• ‘His historical theatre must first of all create an epic dimension, using every resource, not only drums, trumpets, banners, heraldry, and high-sounding words, but the imagination of the audience.’
      • ‘The glass icons, loopy reconstructions of classic Catholic heraldry, magically float off the white plush, as if held aloft by pure belief.’
      • ‘Or are they, as I suspect, just trying to be tough, butch and militaristic by using a symbol that is increasingly finding its way onto military insignias and heraldry?’
      • ‘Some very obvious aspects of the form and design of funeral monuments are hardly touched on in this second chapter, including the architectural framework, the display of heraldry, and the railings around tombs.’
      • ‘The men who opposed them wore no markings or heraldry to identify them, but their equipment was of a consistently higher quality than would be expected among brigands.’
      • ‘Identification was by inscription, heraldry and, later, a rebus.’
      • ‘An ‘admission to degrees’ day is one of a college's flag-days, so you get to come into college seeing the old heraldry a flutter.’
      • ‘Mance, a direct descendant of the last leader of the Knights Templar, has heraldry featuring a golden tree surrounded by 12 blue apples.’
      • ‘She immediately saw her father sitting on his favorite chair, the one below the family heraldry, holding a goblet of blood-red wine in his hand.’
      • ‘Earlier, he dealt with vernacular quotations, including decorative evocations of the cults of American gangsterism and Elvis Presley, and kitsch phenomena such as biker heraldry.’
      • ‘Here, the portrait was physically attached to the front of the building to announce to all visitors, in a very obvious and even more personal way than the usual heraldry, the ownership of East Harling by the Lovells.’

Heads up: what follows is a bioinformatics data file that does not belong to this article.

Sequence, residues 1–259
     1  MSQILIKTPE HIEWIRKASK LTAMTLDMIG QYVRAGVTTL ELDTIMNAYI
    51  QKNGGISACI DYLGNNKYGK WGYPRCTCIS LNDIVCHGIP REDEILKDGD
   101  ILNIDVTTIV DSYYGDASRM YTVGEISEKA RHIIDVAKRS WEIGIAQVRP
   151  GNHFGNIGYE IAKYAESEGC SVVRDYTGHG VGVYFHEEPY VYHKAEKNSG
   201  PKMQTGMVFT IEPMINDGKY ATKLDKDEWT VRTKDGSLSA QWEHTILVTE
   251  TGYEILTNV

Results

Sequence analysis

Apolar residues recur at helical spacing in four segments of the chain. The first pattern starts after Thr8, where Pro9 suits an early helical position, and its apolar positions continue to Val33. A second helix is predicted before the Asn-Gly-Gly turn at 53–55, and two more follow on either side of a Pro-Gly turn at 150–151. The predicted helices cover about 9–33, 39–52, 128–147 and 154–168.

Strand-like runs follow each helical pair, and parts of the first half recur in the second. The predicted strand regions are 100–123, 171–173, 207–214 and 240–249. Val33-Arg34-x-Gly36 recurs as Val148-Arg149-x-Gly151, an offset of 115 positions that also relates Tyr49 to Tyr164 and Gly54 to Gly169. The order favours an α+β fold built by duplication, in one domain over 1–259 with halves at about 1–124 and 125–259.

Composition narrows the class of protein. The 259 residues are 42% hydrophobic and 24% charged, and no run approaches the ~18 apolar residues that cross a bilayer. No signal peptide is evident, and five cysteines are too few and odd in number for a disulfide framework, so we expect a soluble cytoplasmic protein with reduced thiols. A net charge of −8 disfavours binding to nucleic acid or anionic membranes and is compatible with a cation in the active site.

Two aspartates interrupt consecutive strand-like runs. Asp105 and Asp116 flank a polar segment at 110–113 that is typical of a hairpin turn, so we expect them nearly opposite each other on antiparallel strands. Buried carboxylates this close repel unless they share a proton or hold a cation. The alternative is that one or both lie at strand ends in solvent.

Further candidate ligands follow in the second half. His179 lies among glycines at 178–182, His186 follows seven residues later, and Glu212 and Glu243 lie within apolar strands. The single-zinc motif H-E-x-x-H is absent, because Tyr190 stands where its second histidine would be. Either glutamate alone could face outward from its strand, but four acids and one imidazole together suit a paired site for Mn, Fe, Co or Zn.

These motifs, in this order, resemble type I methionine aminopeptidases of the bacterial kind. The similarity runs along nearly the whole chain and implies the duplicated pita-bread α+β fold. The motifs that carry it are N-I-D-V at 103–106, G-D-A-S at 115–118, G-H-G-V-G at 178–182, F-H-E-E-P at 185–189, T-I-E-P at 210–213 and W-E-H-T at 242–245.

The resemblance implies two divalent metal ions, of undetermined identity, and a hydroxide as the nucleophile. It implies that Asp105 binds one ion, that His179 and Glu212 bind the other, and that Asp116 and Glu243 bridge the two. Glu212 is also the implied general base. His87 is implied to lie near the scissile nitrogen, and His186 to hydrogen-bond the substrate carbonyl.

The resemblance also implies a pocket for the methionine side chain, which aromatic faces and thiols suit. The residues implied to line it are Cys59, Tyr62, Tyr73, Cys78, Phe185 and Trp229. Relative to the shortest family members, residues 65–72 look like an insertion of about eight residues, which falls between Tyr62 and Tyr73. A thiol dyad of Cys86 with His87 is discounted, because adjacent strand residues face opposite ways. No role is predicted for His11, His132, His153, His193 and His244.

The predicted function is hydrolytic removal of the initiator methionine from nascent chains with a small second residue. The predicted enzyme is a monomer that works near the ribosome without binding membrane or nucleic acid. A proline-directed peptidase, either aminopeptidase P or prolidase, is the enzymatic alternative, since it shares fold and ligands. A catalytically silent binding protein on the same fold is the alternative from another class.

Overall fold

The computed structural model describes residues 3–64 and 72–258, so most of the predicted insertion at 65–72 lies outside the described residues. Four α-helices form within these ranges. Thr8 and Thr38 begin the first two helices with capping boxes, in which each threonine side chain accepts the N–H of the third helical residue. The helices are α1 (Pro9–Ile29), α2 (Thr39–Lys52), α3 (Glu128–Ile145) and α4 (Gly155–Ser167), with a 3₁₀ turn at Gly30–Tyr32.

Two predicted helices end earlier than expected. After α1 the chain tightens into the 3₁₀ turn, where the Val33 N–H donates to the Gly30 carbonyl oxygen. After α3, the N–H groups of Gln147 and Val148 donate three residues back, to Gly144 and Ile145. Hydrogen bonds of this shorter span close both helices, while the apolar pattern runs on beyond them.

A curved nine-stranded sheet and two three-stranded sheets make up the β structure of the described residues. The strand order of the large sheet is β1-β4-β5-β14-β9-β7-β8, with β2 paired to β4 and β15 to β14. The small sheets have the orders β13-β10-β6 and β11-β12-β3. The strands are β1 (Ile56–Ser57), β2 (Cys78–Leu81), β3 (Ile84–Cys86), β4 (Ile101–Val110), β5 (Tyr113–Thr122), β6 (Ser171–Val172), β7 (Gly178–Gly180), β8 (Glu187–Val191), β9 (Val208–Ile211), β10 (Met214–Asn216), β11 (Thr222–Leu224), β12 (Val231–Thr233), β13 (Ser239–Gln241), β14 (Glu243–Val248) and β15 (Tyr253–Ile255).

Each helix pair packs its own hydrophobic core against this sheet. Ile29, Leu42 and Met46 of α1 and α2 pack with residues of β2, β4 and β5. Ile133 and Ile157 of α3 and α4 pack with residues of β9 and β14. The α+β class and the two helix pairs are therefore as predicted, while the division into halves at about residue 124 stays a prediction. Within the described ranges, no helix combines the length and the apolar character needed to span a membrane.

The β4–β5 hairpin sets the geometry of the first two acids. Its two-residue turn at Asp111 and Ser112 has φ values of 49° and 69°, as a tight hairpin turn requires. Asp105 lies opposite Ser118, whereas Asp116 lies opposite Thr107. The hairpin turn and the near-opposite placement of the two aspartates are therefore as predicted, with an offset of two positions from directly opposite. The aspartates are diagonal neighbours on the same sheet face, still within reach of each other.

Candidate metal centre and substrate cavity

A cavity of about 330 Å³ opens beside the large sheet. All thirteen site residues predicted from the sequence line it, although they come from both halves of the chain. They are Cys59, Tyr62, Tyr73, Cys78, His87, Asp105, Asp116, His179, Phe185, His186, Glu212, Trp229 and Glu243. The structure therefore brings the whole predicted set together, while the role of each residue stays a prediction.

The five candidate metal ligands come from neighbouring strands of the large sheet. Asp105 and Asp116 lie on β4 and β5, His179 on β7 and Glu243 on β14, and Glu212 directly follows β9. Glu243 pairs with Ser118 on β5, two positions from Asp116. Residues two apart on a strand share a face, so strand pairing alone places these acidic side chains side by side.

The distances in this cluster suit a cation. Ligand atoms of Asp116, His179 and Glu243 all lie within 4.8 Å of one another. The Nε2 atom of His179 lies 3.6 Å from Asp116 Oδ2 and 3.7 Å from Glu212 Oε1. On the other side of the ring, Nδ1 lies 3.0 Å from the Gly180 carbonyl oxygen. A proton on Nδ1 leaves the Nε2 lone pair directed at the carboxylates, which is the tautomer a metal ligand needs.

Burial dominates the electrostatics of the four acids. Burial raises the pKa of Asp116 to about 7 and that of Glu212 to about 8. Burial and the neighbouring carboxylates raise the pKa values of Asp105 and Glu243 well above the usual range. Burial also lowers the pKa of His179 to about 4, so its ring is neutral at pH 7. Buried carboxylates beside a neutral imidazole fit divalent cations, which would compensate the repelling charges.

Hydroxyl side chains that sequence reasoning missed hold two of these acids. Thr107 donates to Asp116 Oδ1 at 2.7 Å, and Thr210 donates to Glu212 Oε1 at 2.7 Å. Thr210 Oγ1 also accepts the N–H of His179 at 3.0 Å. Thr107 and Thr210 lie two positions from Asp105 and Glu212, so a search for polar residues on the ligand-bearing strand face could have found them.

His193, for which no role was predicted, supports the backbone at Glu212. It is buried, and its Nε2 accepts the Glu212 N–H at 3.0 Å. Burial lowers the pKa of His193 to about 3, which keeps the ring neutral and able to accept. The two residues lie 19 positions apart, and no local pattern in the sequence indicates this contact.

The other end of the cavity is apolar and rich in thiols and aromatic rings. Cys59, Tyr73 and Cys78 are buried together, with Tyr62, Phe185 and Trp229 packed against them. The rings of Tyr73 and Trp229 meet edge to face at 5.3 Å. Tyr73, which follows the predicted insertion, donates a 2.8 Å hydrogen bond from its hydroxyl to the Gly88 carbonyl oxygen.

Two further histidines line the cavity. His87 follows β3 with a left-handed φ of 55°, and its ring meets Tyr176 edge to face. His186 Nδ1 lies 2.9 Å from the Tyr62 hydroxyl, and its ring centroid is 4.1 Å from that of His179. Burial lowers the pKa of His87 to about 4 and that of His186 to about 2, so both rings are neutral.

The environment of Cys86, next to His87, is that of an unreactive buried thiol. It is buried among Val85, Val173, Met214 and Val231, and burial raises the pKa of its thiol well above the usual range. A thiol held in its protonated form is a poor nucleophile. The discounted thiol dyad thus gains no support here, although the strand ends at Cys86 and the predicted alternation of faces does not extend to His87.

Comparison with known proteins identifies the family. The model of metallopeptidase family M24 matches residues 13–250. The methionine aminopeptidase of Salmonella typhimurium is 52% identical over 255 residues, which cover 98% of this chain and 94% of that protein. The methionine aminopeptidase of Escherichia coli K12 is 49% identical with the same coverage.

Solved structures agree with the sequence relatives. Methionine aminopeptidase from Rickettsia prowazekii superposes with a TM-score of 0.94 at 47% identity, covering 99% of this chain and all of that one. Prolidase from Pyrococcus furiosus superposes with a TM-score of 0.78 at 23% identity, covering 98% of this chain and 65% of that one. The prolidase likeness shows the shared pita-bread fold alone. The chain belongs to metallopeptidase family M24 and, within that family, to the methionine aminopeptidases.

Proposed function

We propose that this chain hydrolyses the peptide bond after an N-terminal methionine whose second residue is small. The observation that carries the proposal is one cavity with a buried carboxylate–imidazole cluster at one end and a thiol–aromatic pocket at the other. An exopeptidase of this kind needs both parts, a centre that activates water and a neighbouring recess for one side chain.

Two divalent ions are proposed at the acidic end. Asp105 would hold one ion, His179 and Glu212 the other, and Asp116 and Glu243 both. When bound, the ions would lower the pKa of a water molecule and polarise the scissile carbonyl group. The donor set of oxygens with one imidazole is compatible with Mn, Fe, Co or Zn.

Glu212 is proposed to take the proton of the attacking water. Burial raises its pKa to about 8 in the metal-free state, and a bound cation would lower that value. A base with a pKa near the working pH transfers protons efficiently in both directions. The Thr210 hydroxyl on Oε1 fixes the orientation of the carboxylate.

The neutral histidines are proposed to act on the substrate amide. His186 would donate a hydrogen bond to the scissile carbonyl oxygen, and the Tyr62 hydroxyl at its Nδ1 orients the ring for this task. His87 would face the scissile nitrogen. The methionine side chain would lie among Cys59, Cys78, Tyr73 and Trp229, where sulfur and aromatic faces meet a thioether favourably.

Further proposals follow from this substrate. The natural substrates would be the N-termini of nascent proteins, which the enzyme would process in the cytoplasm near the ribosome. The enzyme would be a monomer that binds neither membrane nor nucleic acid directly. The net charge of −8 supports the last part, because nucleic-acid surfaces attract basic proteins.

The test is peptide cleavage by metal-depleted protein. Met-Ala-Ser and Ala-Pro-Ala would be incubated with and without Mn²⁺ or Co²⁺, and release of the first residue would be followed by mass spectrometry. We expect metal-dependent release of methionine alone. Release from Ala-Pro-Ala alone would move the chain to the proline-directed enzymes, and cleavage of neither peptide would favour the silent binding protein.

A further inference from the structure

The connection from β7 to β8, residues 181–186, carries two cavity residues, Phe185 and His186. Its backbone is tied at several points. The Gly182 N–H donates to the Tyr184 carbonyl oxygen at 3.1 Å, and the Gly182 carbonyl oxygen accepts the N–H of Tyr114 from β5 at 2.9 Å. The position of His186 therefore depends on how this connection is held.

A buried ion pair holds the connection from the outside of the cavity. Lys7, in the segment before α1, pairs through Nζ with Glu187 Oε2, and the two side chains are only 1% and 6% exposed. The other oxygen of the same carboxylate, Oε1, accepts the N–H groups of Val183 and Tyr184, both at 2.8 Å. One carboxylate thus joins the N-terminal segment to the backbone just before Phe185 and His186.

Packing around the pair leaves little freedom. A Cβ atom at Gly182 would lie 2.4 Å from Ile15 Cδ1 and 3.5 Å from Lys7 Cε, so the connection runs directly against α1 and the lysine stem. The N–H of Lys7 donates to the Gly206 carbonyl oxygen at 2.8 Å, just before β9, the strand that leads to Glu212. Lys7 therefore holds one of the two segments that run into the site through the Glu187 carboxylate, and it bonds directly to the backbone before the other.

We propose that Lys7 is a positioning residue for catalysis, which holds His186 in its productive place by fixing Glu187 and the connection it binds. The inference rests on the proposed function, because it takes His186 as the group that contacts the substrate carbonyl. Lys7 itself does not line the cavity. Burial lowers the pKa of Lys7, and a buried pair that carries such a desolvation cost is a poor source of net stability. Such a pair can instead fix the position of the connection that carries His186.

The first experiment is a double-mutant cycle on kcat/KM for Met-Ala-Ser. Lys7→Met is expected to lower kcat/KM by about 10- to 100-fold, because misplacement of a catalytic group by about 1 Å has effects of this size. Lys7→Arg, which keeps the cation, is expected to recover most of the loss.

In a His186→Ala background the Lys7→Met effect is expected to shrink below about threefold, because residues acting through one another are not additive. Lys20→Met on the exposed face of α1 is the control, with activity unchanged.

• ‘Her descent partly explains her son's baronial aspirations and his love of his personal heraldry.’
      • ‘Little did we know when we started this project how engrossed we would become in the biblical stories, the angels and archangels, the lives of the saints and the history and heraldry of the people of Westbury.’
      • ‘The pomegranate was part of Catherine of Aragon's coat of arms and was accepted into English heraldry when she married King Henry VIII in 1509.’
      • ‘The chapel in its heraldry is virtually a document of the Tudor/Plantagenet power struggle.’
      • ‘Down the street, in the former Kildare Street Club, there is a fine display of Irish coats of arms and heraldry but none of it is really explained or linked to historical places, people or events in any interesting way.’
      • ‘At the Milanese court, Leonardo witnessed the use of visual puns in heraldry for Ludovico Sforza, Beatrice d' Este, and her sister, Isabella.’
      • ‘The design also preserves the Army's historic heraldry and lineage.’
      • ‘The east and south walls are intricately carved with religious symbols and secular heraldry.’
      crest, emblem, heraldic device, coat of arms, armorial bearing, insignia, escutcheon, shield, blazonry
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    2. 1.2 Colourful ceremony.
      ‘all the pomp and heraldry provided a splendid pageant’
      • ‘A few weeks since, the young nobleman would have watched in admiration all that magnificent heraldry of the pomp of the storm.’
      • ‘On a far lighter note, I just love the pomp and ceremony of all the military parades, heraldry, and regalia.’
      • ‘These three greatest of events in the history of humanity are alone worthy of such celebrations and glorious heraldry.’